Key points about growing dogwood trees
- Flowering dogwood (Cornus florida) is a small Maryland native tree with white or pink bracts (specialized leaves resembling flower petals) in the spring, colorful red to burgundy foliage in the fall, and red berries that support wildlife.
- The key to maintaining the health of your dogwood is to plant it in a suitable location and take proper care of your tree to minimize stress (e.g., water during drought, avoid mulch against the trunk, etc.).
- Disease-resistant cultivars are available and reduce the chances of problems with diseases such as powdery mildew and spot anthracnose.
- Besides flowering dogwood, there are other native and non-native trees or multi-stemmed shrubs in the same genus as dogwood, but less commonly seen in landscapes. They include cornelian cherry (Cornus mas), redosier dogwood (Cornus sericea), and bigleaf dogwood (Cornus macrophylla).
Selecting a disease-resistant dogwood tree
Selecting a disease-resistant dogwood is the first step to preventing common disease problems on your tree. Refer to the table below for recommendations. It is important to note that disease-resistant does not mean immune to disease. Even disease-resistant dogwoods may develop problems if they are planted in an unsuitable environment (full sun, drought, over-saturated soil). Plant disease pressure is also influenced by weather conditions.
The non-native Kousa dogwood (C. kousa), also called Chinese dogwood, has a longer and later bloom season than the native flowering dogwood (Cornus florida), plus different growth characteristics and a greater tolerance for dry conditions. There are several hybrids between the native flowering dogwood and the non-native Kousa dogwood that exhibit better disease resistance and longer bloom periods than the native species. The downside of Kousa dogwood is that their berries have little value for native wildlife.
Research your selections prior to purchase. Some cultivars exhibit characteristics that may or may not be desirable to you or wildlife (e.g., double flowers, sterile/no fruit). There is no specific research determining whether dogwood cultivars offer less value to wildlife compared to the straight native species. However, studies have shown that double-flowered plants offer little value to bees (no access to pollen and nectar).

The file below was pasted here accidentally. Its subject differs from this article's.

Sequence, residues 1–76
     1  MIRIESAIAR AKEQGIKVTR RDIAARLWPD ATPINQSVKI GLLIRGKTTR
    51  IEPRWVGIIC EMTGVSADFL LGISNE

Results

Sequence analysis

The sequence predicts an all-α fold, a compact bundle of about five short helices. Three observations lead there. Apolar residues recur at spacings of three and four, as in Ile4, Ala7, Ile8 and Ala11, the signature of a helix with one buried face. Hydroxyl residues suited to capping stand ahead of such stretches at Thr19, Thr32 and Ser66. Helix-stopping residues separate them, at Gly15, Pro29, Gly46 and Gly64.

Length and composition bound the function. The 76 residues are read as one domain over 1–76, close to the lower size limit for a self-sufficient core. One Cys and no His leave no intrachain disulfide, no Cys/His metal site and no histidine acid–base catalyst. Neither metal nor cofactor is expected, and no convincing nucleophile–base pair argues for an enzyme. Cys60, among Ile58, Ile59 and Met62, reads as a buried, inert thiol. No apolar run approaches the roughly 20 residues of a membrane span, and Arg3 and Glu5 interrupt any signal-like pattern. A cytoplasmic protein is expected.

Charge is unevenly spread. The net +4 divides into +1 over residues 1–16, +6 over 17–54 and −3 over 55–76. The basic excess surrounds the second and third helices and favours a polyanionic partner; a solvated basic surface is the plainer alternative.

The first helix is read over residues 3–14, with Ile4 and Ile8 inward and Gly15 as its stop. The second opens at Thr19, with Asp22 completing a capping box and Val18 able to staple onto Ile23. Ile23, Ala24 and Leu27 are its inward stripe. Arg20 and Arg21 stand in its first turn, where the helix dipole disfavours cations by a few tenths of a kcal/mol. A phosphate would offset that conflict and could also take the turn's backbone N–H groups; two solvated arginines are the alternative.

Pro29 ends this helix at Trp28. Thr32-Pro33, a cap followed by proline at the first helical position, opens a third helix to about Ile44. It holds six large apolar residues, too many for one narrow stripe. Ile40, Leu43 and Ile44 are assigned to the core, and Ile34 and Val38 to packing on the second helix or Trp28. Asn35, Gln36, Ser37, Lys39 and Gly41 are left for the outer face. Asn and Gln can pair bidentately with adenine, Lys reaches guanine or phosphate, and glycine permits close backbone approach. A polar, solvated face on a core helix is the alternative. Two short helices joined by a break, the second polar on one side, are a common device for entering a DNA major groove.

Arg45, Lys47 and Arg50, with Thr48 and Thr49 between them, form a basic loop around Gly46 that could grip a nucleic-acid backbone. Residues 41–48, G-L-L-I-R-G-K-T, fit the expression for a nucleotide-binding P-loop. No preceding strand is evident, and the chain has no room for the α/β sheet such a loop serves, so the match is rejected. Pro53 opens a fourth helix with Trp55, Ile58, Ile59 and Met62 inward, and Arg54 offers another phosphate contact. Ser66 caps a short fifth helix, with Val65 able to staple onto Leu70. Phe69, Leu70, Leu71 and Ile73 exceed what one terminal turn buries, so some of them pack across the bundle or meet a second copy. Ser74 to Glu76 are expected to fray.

|Flowering dogwood (Cornus florida) cultivar name||Resistance to powdery mildew||Resistance to dogwood anthracnose||Resistance to spot anthracnose|
|'Jean's Appalachian Snow'||
|'Karen's Appalachian Blush'||Yes||No||No|
|'Kay's Appalachian Mist'||Yes||No||No|
|'Welch's Bay Beauty'||Yes||No||Yes|
Planting and care of dogwood trees
Selecting a site
- Flowering dogwood is a native forest understory tree. This species grows best in a partially shady location with moist, well-drained soil, and a soil pH range of 5.6-6.5.
- These trees are not tolerant of full sun, hot and dry conditions, air pollution, poorly drained sites, or over-saturated soil.
- Plan for the mature size of your tree. Dogwoods generally grow slowly but can mature 15’ to 30’ tall and 15’ to 25’ wide. Check the mature size on the plant label.
Planting your tree
- Whether you are planting a container-grown tree or a balled-and-burlapped one, be sure to take time to prepare the planting hole properly and plant your tree at the correct depth. Many trees get planted too deeply, which can lead to decline.
- Refer to our pages about planting a tree or shrub for step-by-step instructions.
Caring for your tree
- For successful root establishment, it’s important to monitor the water needs of your tree for the first two years after planting. At least once each week, check the soil moisture at 4 to 6 inches deep using a trowel or a screwdriver and water when soil is dry at that depth. Refer to our guidelines for watering trees and shrubs.
- Dogwood trees are shallow-rooted and do not compete well with turfgrass. They may need irrigation during the drier months of July and August.
- Fertilize only according to soil test results and not on a regular basis.
- Dogwoods benefit from an annual topdressing of organic matter, such as compost, which will add nutrients naturally and improve soil health.
- Apply mulch around the base of the tree to protect the trunk from lawn mowers and weed trimmers. The mulch should be no deeper than 3 inches. Avoid placing mulch directly against the trunk of the tree.
- Routine pruning of a dogwood tree is not necessary. The removal of dead or diseased branches, to improve form, and to increase light and air circulation throughout the tree, are reasons you may want to prune them.
- Pruning can be done in late fall/early winter (November-December) or immediately after the tree is finished flowering. Dead branches can be pruned out at any time.
Pest & Disease Management
- Learn about some of the common problems of dogwoods and monitor for symptoms on a regular basis. Problems can be easier to correct if they are managed at early onset.
- Watering during droughts and preventing injuries to the trunk are two steps you can take to reduce stress on your tree.
Adapted from Dogwood Fact Sheet by Mary Kay Malinoski, Principal Agent, University of Maryland Extension (retired) and David L. Clement, Principal Agent, University of Maryland Extension. Edited and revised by Christa K. Carignan, Coordinator, University of Maryland Extension, 8/2022.